I know there is something different about the environment of the Terminal command-line and the environment in a bash script, but I don't know what that difference is...

Here is the example which finally led me to ask this quesiton; it may flush out some of the differences.

I am trying to strip leading '0's from a number, with this command.

  • var="000123"; var="${var##+(0)}" ; echo $var

When I run this command from the Terminal's command-line, I get: 123

However, when I run it from within a script, it doesn't work; I get: 000123

I'm using Ubuntu 10.04, and tried all the following with the sam results:

  • GNOME Terminal 2.30.2
  • Konsole 2.4.5
  • #!/bin/bash
  • #!/bin/sh

My bash version 4 1 5 1 release i486-pc-linux-gnu (in terminals and scripts)

'shopt' differences between CLI and Script:

    CLI   Script  
    on     off    checkwinsize    
    on     off    expand_aliases  
    on     off    extglob         
    on     off    histappend      
    off    on     hostcomplete    

What is causing this difference?

Even if some upgrade will make it work in scripts...
I am trying to find out the what and why, so in future, I'll know what to look out for.

Here are 3 bash ways to strip leading '0's. (I knew only one when I first asked this queston)

var=0001230; var="$[10#$var]";           echo $var   # fastest= 1.00  integers only
var=0001230; var="${var##+(0)}";         echo $var   # slower x 1.25  works with strings, but requires shopt -s extglob
var=0001230; var="${var#${var%%[!0]*}}"; echo $var   # slower x 1.61  works with strings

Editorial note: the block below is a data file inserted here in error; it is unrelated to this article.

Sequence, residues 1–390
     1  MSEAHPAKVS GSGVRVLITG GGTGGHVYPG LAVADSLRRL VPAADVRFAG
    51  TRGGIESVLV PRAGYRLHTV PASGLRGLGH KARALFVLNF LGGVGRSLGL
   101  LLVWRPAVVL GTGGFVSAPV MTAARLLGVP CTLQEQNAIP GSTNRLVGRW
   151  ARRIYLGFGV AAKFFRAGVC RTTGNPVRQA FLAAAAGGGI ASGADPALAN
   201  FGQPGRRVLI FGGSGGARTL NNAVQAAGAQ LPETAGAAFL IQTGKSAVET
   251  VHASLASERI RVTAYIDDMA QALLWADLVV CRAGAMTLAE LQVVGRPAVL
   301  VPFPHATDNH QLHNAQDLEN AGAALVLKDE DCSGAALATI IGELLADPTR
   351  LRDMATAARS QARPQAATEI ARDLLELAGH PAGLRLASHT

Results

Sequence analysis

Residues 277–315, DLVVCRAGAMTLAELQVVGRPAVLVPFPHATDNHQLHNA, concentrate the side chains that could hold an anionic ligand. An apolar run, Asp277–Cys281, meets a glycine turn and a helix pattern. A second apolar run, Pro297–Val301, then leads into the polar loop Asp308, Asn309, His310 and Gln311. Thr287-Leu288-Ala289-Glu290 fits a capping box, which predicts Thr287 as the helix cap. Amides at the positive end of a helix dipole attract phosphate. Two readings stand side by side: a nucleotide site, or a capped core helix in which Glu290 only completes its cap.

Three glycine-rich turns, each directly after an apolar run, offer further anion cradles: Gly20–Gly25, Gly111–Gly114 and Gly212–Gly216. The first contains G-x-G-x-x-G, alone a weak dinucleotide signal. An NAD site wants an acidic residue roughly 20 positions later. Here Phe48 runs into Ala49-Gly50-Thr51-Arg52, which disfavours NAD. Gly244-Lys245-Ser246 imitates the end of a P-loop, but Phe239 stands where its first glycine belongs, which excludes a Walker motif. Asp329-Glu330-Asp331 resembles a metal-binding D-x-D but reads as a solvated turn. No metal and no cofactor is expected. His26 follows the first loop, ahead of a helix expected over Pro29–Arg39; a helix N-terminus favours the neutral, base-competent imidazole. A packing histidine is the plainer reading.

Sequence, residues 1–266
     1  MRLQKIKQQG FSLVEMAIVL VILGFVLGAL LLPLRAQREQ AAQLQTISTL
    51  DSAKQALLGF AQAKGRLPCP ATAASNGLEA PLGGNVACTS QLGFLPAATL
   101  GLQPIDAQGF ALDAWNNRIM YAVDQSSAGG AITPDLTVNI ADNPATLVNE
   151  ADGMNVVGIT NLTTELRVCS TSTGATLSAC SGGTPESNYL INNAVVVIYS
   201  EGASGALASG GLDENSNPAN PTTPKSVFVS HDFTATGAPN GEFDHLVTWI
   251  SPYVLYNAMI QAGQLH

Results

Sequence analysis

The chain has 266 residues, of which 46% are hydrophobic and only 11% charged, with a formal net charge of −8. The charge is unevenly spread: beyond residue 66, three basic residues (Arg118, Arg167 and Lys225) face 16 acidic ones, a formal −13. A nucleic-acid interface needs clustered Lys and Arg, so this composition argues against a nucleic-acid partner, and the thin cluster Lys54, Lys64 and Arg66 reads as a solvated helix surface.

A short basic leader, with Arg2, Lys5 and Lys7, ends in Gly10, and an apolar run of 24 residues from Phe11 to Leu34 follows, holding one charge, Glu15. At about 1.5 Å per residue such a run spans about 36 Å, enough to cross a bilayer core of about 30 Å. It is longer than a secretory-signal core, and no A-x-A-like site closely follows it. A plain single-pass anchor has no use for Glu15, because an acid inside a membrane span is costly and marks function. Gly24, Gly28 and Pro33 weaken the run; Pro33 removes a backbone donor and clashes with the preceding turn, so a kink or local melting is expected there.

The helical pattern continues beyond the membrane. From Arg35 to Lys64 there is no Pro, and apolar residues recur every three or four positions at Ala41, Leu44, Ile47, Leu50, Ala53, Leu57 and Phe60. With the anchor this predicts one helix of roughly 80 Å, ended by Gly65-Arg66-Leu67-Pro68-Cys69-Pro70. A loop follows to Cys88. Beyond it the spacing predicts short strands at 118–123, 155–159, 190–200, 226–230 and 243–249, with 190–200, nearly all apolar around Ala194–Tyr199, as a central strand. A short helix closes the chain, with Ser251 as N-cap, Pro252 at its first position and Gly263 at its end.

• Can you clarify the purpose of var="${var##+(0)} ? I assume it's some shell formatting mechanism but could find any details about it. Jan 10, 2011 at 9:10
  • It strips leading, (only leading) strings.. like "^\(abc\)\+" in sed/grep... I went a-hunting the other day... and after much rummaging and scrummaging, I found this... and it suited my needs perfectly... (As I recall, there was some mention of it being new, and you would neeed "such-and-such".. I tried it (in the terminal, and it worked, so I didn't pay any special attention to it until now, when I used it in a script...
    – Peter.O
    Jan 10, 2011 at 9:28

2 Answers 2


Assuming that you're using the same shell in your script and in your terminal, the main difference is that ~/.bashrc is read by interactive shells but not by script-interpreting shells. The reason is that scripts are usually meant to be somewhat portable, and for that you don't want to depend on the user's shell customizations.

Many things in typical .bashrc files only apply to the command line anyway (prompt settings, key bindings). Some, like function definitions, make sense in scripts as well; typically you'd put them into a separate file and source it both from ~/.bashrc and scripts. Sometimes you want some shell options for interactive use but not in scripts, because they lead to shorter (good on the command line) but more cryptic or less portable (bad in scripts) code. There are a few things that bash does differently, e.g. history expansion (!!, etc.) is on by default only in interactive shells.